urinary calculus


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calculus

 [kal´ku-lus] (pl. cal´culi) (L.)
an abnormal concretion, usually composed of mineral salts, occurring within the body, chiefly in hollow organs or their passages. Called also stone. See also kidney stone and gallstone. adj., adj cal´culous.
biliary calculus gallstone.
bladder calculus vesical calculus.
bronchial calculus broncholith.
calcium oxalate calculus oxalate calculus.
dental calculus a hard, stonelike concretion, varying in color from creamy yellow to black, that forms on the teeth or dental prostheses through calcification of dental plaque; it begins as a yellowish film formed of calcium phosphate and carbonate, food particles, and other organic matter that is deposited on the teeth by the saliva. It should be removed regularly by a dentist or dental hygienist; if neglected, it can cause bacteria to lodge between the gums and the teeth, causing gum infection, dental caries, loosening of the teeth, and other disorders. Called also tartar.
gastric calculus gastrolith.
intestinal calculus enterolith.
lung calculus a hard mass or concretion formed in the bronchi around a small center of inorganic material, or from calcified portions of lung tissue or adjacent lymph nodes. Called also pneumolith.
mammary calculus a concretion in one of the lactiferous ducts.
nasal calculus rhinolith.
oxalate calculus a hard urinary calculus of calcium oxalate; some are covered with minute sharp spines that may abrade the renal pelvic epithelium, and others are smooth. Called also calcium oxalate calculus.
phosphate calculus a urinary calculus composed of a phosphate along with calcium oxalate and ammonium urate; it may be hard, soft, or friable, and so large that it may fill the renal pelvis and calices.
prostatic calculus a concretion formed in the prostate, chiefly of calcium carbonate and phosphate. Called also prostatolith.
renal calculus kidney stone.
staghorn calculus a urinary calculus, usually a phosphate calculus, found in the renal pelvis and shaped like the antlers of a stag because it extends into multiple calices.
urate calculus uric acid calculus.
urethral calculus a urinary calculus in the urethra; symptoms vary according to the patient's sex and the site of lodgment.
uric acid calculus a hard, yellow or reddish-yellow urinary calculus formed from uric acid.
urinary calculus a calculus in any part of the urinary tract; it is vesical when lodged in the bladder and renal (see kidney stone) when in the renal pelvis. Common types named for their primary components are oxalate calculi, phosphate calculi, and uric acid calculi. Called also urolith.
uterine calculus any kind of concretion in the uterus, such as a calcified myoma. Called also hysterolith and uterolith.
vesical calculus a urinary calculus in the urinary bladder. Called also bladder calculus.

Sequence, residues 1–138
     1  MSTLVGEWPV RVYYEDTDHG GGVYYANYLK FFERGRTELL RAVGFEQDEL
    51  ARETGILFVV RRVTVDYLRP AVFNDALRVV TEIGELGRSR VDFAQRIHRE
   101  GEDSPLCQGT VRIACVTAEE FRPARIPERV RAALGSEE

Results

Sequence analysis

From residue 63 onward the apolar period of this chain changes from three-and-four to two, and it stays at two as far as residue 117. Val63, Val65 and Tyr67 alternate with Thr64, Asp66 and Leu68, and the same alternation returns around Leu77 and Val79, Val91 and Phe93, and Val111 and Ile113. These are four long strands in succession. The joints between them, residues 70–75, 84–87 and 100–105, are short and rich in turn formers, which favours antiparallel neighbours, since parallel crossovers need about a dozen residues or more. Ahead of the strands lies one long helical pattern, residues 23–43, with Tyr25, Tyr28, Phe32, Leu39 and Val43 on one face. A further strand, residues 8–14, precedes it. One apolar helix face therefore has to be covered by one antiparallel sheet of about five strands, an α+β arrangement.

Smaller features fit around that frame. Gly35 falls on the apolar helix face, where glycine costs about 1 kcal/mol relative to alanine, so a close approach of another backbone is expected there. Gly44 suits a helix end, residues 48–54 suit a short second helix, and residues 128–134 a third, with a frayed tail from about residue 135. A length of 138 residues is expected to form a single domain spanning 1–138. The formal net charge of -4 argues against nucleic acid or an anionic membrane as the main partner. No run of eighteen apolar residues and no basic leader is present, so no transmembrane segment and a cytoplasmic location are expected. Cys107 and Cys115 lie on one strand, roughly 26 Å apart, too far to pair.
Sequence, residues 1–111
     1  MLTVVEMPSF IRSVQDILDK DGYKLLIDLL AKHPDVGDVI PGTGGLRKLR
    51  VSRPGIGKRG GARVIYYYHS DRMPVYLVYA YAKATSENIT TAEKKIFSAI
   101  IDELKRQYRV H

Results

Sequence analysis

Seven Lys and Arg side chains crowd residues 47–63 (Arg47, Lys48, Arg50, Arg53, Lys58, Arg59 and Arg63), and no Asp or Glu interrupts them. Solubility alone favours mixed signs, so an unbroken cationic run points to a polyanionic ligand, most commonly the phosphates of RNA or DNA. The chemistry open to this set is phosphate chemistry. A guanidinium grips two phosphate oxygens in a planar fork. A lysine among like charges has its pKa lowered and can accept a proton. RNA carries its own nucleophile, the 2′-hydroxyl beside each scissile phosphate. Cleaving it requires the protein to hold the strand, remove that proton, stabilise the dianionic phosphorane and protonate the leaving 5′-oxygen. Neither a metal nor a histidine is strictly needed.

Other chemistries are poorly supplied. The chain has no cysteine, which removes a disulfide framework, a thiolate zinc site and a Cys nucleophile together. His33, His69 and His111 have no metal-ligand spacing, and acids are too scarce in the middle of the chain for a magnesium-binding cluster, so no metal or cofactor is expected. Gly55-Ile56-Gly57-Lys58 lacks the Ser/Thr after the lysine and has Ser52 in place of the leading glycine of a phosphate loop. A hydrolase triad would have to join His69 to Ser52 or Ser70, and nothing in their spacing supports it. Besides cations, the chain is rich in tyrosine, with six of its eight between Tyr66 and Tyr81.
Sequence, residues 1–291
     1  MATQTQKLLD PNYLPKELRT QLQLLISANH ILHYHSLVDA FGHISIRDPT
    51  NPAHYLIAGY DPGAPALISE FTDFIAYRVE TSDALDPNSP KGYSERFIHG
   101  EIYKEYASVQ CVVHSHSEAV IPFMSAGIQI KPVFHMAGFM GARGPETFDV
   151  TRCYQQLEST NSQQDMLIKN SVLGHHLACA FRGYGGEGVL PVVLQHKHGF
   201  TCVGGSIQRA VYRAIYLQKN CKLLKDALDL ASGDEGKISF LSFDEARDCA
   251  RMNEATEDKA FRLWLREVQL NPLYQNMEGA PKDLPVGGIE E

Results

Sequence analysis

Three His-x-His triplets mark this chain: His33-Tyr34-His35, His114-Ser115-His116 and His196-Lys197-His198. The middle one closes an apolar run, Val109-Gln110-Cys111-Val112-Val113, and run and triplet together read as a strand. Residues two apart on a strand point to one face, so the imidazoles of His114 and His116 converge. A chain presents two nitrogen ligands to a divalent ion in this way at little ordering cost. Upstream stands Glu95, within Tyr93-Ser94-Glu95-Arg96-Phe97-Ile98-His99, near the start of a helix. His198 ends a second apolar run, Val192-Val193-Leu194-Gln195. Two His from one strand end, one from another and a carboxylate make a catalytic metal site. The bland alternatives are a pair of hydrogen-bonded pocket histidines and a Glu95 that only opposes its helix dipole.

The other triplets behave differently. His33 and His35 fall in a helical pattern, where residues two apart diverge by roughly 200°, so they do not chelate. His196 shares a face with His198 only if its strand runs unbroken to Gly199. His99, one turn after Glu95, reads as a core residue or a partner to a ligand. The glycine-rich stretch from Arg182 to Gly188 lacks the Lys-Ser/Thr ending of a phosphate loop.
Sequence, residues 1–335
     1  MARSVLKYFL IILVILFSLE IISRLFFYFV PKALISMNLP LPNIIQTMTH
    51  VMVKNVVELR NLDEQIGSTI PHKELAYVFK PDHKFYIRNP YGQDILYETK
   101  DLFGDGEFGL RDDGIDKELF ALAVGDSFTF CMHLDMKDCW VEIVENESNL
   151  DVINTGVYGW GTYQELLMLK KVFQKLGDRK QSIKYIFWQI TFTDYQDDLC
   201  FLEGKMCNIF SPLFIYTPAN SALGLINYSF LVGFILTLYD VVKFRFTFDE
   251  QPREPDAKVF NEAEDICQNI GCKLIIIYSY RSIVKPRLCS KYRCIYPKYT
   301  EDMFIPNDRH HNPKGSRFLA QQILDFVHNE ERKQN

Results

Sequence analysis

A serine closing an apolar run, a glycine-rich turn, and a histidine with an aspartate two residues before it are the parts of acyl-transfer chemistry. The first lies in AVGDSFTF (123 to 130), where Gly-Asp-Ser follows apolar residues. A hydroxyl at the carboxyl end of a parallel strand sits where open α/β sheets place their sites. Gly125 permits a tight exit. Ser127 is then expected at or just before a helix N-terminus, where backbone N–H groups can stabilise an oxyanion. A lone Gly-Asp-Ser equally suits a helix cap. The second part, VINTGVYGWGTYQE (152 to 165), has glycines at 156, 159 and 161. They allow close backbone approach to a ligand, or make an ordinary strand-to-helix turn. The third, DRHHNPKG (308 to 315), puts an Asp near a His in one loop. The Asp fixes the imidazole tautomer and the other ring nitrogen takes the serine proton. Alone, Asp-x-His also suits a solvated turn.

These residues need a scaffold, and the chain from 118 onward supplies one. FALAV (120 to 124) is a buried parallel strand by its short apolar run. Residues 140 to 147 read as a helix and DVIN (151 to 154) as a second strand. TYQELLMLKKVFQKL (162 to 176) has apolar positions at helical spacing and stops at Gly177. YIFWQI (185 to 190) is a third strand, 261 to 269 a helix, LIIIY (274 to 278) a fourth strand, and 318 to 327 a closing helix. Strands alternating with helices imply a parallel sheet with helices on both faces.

u·ri·nar·y cal·cu·lus

a calculus in the kidney, ureter, bladder, or urethra.
Synonym(s): urolith

urinary calculus

n.
A hard mass of mineral salts in the urinary tract. Also called cystolith, urolith.

u·ri·nar·y cal·cu·lus

(yūr'i-nar-ē kal'kyū-lŭs)
A calculus in the kidney, ureter, bladder, or urethra.

urinary calculus

Any stone or concretion of mineral or organic substances that forms within the kidney or urine collecting system. Urinary stone formation is encouraged by reduced urinary output with highly concentrated urine, infection, and various metabolic conditions in which abnormal quantities of substances occur in the urine.
References in periodicals archive ?
One hundred consecutively collected urinary calculus samples from 70 males (median age, 56.5 years; range, 5-75 years) and 30 females (median age, 49 years; range, 21-74 years) served for testing the predictive performance of the new GGN method.
Pulverized urinary calculus (1.5 mg) was mixed with 180 mg of KBr with a pestle and mortar.
In a popular work entitled An Essay on The Chemical History and Medical Treatment of Calculous Disorders (1817 and 1819), he described his discovery of a new substance in a urinary calculus. He named it xanthic oxide (Greek: xanthos, yellow) because it forms a lemonyellow colored compound when treated with nitric acid.
Simple tests were given for each type of urinary calculus in terms of their chemical reactions in solution, and after incineration with the blowpipe used with a small spirit (alcohol) lamp (not a flame color test).
In the present study, the incidence of radiological confirmed cases of urinary calculus disease were 2.69% of the total hospital admissions in surgical wards.
The patient of urinary calculus usually receive various treatment of different and usually report late when stone becomes large and causes severe symptom due to obstruction.
Geographical and nutritional aspects of endemic stones, in urinary calculus international urinary stone conference.
At present there are many treatment modalities available in the armamentarium of the surgeon for the treatment of urinary calculus. Most ureteral stones can be observed with a reasonable expectation of uneventful stone passage and this strategy is generally less costly and less invasive than any other option, if successful.